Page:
10. It is worth noting that the Constitutions of 1956 and 1962 contained chapters outlining certain safeguards for the civil service. In the 1973 Constitution, the framers omitted a similar chapter from the constitution and shifted the onus to ordinary legislation. The Law Minister at the time, who was steering the Constitution Bill informed the Constituent Assembly that in the past, constitutional protection for civil servants had been granted “because those who served came from outside and they needed these protections in respect of service”. However, since now “this country [was] being run by the leaders of the people” such protections were no more deemed necessary. The purpose of this change, therefore, was to “[break] away from the past colonial traditions” and to emphasize the point that civil servants were not entitled to “any superior or higher status” compared to other citizens. Another reason the Law Minister gave was that the “Constitution is the basic document providing the fundamentals and this matter was not so fundamental as to be provided in the Constitution.” (Parliamentary Debates, 31st December, 1972 and 19th February, 1973). It was therefore decided that, as stated in Articles 240, 241 and 242 of the Constitution, the matter would be dealt with through statutes. Such statutes were subsequently passed and include the Civil Servants Act, 1973. It may be emphasized that whatever else the intent behind these changes may have been, it could not have been meant to subjugate of civil servants to constantly changing political imperatives. The intent of the Constitution cannot but be a fuller realization of the goal set out in the speech of the country’s founding father quoted earlier: “fearlessly, maintaining [the] high reputation, prestige, honour and the integrity of [the civil] service.”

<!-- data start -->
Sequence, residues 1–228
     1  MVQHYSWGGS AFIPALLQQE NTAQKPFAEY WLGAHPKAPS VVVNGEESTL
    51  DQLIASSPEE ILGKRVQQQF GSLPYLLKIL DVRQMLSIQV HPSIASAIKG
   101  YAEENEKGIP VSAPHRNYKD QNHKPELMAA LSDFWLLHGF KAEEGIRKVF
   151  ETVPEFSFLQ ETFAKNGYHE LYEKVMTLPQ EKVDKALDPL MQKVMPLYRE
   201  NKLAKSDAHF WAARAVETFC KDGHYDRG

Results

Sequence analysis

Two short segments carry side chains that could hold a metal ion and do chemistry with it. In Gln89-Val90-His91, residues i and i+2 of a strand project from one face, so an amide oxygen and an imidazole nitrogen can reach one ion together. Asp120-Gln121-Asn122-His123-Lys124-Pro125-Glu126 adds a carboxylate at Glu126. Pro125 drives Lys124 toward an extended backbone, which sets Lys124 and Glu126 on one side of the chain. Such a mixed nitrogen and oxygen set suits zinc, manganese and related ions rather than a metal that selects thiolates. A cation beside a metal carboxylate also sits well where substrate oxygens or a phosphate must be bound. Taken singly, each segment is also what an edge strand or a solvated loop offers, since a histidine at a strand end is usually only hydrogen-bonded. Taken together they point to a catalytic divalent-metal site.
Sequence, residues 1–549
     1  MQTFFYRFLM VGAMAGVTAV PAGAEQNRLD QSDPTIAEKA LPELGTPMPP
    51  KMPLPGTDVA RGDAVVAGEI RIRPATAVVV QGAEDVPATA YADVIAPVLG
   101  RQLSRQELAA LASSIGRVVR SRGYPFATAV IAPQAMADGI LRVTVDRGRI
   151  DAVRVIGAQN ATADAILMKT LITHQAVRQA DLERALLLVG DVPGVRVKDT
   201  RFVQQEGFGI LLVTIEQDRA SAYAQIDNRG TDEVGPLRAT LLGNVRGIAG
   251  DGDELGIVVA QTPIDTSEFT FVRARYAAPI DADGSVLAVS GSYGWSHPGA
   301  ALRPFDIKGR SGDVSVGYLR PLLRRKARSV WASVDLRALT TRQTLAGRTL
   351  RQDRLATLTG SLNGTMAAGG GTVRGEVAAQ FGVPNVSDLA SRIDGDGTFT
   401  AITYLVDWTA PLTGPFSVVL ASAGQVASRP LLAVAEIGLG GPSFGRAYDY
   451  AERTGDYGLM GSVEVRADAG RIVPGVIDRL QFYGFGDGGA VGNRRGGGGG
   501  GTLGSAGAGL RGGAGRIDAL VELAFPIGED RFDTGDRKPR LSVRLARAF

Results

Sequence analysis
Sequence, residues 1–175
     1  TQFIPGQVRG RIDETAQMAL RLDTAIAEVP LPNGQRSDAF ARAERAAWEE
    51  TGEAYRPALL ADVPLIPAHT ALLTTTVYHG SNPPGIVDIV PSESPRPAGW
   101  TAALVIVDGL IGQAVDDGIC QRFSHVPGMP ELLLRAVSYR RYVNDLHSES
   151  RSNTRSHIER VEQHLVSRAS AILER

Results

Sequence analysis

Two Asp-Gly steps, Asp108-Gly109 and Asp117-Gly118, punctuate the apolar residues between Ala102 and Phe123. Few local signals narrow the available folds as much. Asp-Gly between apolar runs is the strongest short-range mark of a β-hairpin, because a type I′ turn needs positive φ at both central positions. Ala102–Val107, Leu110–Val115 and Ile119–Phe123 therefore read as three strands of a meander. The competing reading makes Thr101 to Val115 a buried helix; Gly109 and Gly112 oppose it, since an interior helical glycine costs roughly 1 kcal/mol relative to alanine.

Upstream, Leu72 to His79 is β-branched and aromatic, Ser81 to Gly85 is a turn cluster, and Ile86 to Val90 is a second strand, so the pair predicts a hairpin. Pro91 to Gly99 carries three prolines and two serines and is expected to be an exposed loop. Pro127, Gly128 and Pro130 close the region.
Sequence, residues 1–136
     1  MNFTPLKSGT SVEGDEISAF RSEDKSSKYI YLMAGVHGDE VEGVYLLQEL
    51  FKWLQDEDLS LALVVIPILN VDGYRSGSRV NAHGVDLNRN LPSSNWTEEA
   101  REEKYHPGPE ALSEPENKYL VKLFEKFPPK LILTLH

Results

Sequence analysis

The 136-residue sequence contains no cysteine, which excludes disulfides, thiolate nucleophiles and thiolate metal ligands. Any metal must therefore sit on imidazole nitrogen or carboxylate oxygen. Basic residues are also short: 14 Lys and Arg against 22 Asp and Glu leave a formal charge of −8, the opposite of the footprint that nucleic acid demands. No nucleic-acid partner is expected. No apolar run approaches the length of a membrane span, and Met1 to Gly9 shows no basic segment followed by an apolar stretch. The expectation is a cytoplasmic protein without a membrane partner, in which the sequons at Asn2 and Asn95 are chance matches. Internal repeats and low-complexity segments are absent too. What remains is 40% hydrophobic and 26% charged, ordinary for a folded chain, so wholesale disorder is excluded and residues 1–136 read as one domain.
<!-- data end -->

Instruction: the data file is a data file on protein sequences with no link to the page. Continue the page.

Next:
11. It was in this spirit, i.e. providing meaningful legal guarantees to civil servants and doing away with arbitrariness, that Parliament enacted statutes such as the Civil Servants Act, 1973. The very object of this statute is to legally “regulate the appointment